The Worst Home Staging Advice Real Estate Experts Have Ever Heard

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(Image credit: Jill Ruzicka)

If you’re trying to zhush up your home to sell, you might be obsessively collecting staging ideas. Home staging helps present your space as well-designed and ultra-livable, showing potential buyers that your home is an especially great place to live. However, not all tips are good ones. I asked real estate experts which staging moves may end up hurting your sale (and what to do instead) — here, find five of their favorites.

Bad advice: Add a lot of your personality.

Andrew Weinberger, founder of PropertyClub, a real estate startup in New York City, says that homeowners usually veer towards adding too much of their personality when staging their home for sale. “There could be too much art or clutter relating to their personal hobby, for example,” he says. “Whatever it is they love about the home and what they like in terms of decor is probably very different from what potential homebuyers will like.”

What to do instead: While you may want to veer away from adding too much of your personality into your staged home, it should still feel like someone lives there. Krista Watterworth Alterman tells Apartment Therapy that adding details like a pair of shoes or a purse on the floor of a master closet can make a space look a little lived-in and helps potential buyers picture themselves living there.

Bad advice: It’s better to leave the house empty.

“I have often heard people say that staging just gets in the way of people imagining their own furniture in the house,” says Justin M. Riordan, founder of Spade and Archer Design Agency, a staging company in Portland, Oregon. “This is true for roughly 10 percent of people. I bet the majority of potential buyers need a sense of scale and layout to understand a house.”

What to do instead: This one’s easy — just keep your home furnished.

Bad advice: Go crazy with color.

There’s a limit to the amount of color you should have when you’re staging. For example, white kitchens are often the easiest to sell. Also, some color palettes can drastically depreciate your home’s value by thousands (yes, even though walls are super easy to repaint!)

However, some pops of color can be helpful: “This is a tricky one because subtle punches of color can help potential buyers remember certain rooms once they get home,” Riordan says. “For example, ‘Remember the house with the red kitchen,’ or ‘I think the green bedroom should be your office.'”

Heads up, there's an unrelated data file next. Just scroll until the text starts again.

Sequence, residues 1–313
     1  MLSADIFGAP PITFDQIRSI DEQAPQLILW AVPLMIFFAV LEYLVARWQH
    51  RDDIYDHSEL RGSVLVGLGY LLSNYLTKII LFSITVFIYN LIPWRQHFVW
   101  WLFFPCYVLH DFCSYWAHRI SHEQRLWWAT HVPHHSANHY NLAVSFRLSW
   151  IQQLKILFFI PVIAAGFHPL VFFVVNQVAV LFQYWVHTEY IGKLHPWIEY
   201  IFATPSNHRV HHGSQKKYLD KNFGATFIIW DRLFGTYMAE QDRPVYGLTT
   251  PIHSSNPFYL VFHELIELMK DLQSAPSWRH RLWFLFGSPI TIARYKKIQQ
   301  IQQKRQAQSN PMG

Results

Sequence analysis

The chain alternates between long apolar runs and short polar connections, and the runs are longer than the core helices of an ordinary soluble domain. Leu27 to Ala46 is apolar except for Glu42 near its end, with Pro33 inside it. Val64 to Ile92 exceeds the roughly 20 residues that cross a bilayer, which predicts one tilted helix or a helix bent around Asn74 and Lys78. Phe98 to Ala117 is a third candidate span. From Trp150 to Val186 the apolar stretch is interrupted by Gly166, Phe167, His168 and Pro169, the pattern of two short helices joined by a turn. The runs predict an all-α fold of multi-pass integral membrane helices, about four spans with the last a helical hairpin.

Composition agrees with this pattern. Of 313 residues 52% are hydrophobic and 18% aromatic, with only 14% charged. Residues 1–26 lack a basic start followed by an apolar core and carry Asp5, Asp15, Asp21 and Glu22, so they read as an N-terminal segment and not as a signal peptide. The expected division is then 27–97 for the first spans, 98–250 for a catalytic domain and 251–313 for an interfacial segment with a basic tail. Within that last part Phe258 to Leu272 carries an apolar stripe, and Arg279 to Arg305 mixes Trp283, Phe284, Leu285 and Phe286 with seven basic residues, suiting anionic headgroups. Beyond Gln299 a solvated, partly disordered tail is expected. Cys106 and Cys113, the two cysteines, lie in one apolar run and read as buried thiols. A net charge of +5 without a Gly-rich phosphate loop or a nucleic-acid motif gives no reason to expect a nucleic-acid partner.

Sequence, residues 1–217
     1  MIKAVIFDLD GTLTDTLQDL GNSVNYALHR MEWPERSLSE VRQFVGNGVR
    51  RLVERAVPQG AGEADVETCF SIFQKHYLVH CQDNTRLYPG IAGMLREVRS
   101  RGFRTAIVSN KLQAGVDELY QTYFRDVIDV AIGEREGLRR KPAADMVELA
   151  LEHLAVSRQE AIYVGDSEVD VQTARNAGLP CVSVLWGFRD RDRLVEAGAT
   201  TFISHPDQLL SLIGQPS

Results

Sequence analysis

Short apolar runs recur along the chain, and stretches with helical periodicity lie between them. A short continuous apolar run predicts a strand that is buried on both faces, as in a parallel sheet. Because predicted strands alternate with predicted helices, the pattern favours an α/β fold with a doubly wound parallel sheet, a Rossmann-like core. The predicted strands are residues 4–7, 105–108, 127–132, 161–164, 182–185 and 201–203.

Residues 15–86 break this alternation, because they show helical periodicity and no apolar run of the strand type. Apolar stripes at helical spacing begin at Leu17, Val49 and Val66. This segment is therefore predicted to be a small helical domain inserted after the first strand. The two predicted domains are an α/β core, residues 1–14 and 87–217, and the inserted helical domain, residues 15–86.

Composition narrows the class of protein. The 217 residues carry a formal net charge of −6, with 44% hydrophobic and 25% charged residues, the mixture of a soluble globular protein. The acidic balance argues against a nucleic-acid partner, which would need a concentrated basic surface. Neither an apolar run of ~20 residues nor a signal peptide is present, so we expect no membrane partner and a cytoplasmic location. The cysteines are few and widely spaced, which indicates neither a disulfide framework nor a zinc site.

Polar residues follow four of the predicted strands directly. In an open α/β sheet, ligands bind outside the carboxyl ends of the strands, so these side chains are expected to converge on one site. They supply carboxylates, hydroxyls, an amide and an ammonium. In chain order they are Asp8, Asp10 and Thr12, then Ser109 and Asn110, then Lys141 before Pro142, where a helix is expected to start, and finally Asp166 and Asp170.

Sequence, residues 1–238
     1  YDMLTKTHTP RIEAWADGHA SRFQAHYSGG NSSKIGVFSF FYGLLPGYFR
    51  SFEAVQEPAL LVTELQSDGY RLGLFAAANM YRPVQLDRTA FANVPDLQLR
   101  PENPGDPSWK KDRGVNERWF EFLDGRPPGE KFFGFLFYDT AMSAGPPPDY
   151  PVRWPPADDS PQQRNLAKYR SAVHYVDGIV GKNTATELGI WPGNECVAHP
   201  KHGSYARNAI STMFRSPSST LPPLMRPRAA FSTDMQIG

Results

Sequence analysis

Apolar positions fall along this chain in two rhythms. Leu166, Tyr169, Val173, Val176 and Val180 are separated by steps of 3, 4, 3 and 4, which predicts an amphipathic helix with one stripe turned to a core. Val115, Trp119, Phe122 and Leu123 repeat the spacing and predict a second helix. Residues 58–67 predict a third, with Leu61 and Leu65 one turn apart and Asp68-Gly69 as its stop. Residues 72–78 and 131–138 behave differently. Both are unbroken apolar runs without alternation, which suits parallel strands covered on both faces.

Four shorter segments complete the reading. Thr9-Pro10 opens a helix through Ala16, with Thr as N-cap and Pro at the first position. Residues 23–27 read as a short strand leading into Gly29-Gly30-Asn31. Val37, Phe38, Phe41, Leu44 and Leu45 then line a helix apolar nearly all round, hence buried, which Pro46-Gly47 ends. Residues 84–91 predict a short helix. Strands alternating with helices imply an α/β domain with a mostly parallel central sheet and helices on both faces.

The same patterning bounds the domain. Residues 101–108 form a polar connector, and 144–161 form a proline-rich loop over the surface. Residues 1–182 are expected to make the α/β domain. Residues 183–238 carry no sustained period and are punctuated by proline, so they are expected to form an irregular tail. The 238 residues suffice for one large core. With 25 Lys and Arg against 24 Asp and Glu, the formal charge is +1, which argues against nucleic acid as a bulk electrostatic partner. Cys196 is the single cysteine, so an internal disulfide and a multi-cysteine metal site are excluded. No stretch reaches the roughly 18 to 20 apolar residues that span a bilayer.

What to do instead: Use color as a differentiator between rooms, but try to stick to a more neutral palette.

Credit: Trinette Reed | Stocksy

Bad advice: Mirrors are a bad idea.

Evan Rosenfeld, an agent at Citi Habitats in New York City, says that he was told by a designer to never use mirrors when staging an apartment. The reason? People will get distracted by their reflection and not pay attention to the home.

“I always thought mirrors opened a space and made it look bigger,” Rosenfeld says. “When I mentioned this advice to other stagers they couldn’t believe what they were hearing.”

What to do instead: The Rosenfeld and the stagers are right on this issue: Mirrors can make a space feel much more spacious, open, and airy when strategically placed, so do use them to amplify your home.

Bad advice: Ditch the area rugs.

“Some people think you should remove your area rugs to show off the flooring when you stage a home,” says Derik Keith, a real estate agent with the Keith Home Team at Metro Brokers in Oklahoma City, Oklahoma. “This is a bad move because area rugs make a room feel warm and comfortable. If staging is about the feel of a home, then an uninviting living room that feels sterile or cold is going to leave a bad impression on your prospective buyer.”

What to do instead: The Dude was right — rugs really do tie the room together. So, when staging, add some proportional rugs to section living areas to add warmth.

Feel overwhelmed at all you’re going to have to do (and buy) to stage your home? Just make a call to your real estate agent—many of them have storage with extra furniture to lend for this express purpose!